It is well recognized that the ability to recall and engender memories is intimately linked to the emotional makeup of such memories. Furthermore, several clinical conditions show combined deficits in these domains, suggesting a direct anatomical or physiological interaction of functions. In 1937, the neuroanatomist Papez published a study describing an anatomical circuit that involved a number of central nervous system nuclei and pathways that are important in aspects of memory and emotion. Familiarity with this Papez circuit allows clinicians to think systematically about the overall anatomical foundation of memory and to analyze which elements are involved in different aspects of memory function. The concept of a circuit is particularly important in dealing with memory, since lesions anywhere along the pathway may interrupt memory function, although the coloration of the deficit may be particularly influenced by the specific nuclei or path that is damaged (Fig. 5-1 (Figure Not Available) ).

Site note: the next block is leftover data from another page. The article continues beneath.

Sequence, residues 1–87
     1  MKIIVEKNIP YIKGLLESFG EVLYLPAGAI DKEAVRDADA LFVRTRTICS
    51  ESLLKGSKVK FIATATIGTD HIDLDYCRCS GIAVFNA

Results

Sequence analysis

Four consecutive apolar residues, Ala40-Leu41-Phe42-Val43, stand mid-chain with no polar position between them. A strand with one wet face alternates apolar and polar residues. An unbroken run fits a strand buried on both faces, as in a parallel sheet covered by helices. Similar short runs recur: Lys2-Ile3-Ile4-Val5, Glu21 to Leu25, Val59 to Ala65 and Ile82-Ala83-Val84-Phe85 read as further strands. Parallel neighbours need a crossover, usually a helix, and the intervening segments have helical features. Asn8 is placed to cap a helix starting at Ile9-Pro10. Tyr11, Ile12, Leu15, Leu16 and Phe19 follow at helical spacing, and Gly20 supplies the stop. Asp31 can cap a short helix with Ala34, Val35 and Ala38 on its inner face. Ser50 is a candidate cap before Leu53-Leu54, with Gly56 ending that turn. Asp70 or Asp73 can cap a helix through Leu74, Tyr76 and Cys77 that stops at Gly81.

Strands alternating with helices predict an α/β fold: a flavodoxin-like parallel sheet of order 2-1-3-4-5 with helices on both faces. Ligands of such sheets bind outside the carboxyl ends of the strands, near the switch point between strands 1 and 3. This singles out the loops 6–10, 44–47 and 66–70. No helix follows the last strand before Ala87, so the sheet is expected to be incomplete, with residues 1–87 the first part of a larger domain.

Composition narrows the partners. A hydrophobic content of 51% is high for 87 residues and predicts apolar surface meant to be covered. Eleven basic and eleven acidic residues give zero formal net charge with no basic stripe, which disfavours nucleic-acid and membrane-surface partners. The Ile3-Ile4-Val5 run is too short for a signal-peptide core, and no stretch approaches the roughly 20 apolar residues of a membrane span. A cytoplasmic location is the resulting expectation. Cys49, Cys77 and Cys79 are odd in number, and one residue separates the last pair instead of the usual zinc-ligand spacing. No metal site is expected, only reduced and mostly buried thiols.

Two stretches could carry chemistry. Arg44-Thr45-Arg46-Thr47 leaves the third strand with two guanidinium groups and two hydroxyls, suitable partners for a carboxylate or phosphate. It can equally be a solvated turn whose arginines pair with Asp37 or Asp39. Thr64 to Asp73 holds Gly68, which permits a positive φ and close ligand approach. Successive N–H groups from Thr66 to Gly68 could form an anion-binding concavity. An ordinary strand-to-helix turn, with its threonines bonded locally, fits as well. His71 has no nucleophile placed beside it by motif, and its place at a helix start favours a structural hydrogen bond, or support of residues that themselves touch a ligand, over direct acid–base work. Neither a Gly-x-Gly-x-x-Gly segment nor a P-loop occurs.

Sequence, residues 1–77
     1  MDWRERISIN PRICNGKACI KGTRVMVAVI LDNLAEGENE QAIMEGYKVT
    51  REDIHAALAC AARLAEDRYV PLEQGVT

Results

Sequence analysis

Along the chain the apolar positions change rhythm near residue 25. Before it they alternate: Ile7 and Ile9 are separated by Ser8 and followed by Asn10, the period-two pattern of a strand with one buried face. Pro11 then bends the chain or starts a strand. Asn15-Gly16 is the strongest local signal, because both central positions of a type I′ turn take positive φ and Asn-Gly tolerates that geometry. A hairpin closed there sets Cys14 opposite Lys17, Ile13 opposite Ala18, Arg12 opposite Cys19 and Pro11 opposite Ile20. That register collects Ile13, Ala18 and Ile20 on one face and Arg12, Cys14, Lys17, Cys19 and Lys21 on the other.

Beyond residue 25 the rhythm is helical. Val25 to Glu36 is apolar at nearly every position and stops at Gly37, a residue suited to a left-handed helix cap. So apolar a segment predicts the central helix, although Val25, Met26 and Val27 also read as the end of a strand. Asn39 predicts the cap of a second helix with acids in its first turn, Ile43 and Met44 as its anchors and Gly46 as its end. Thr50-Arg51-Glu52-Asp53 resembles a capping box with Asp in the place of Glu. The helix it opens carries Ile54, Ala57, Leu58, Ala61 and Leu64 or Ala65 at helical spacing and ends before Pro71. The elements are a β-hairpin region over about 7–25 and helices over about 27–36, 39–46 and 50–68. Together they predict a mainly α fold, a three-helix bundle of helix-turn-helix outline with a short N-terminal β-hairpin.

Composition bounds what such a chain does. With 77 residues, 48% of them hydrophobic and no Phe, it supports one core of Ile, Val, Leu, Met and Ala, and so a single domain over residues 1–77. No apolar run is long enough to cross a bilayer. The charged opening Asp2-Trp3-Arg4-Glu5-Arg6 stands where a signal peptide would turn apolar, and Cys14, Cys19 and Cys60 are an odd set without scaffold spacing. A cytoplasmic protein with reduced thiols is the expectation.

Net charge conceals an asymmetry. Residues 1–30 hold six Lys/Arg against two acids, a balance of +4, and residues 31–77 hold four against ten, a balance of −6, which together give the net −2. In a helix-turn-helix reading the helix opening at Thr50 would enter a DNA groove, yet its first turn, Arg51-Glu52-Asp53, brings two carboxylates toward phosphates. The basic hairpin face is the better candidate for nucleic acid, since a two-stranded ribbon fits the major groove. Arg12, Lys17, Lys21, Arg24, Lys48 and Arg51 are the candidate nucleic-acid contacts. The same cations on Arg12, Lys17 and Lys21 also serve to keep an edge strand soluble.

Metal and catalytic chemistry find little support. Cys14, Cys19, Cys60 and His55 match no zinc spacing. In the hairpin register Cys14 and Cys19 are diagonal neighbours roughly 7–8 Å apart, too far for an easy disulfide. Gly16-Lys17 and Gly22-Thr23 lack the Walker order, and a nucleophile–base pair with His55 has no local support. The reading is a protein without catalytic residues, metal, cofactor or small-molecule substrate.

The circuit is schematically diagrammed in Figure 5-1 (Figure Not Available) A, and the anatomical nuclei and pathways are identified in the sagittal brain section shown in Figure 5-1 (Figure Not Available) B. The pathway is circular and provides continual reintegration of information. The two prominent cortical areas are the cigulate cortex and the hippocampus of the temporal lobe. Diffuse cortical impulses travel into the hippocampus, traverse the midline fornix pathway to the mammillary bodies of the hypothalamus, and continue to the anterior and dorsal thalamus. From these regions, information projects to the midline cingulate cortex, which finally projects diffusely to cortical regions.
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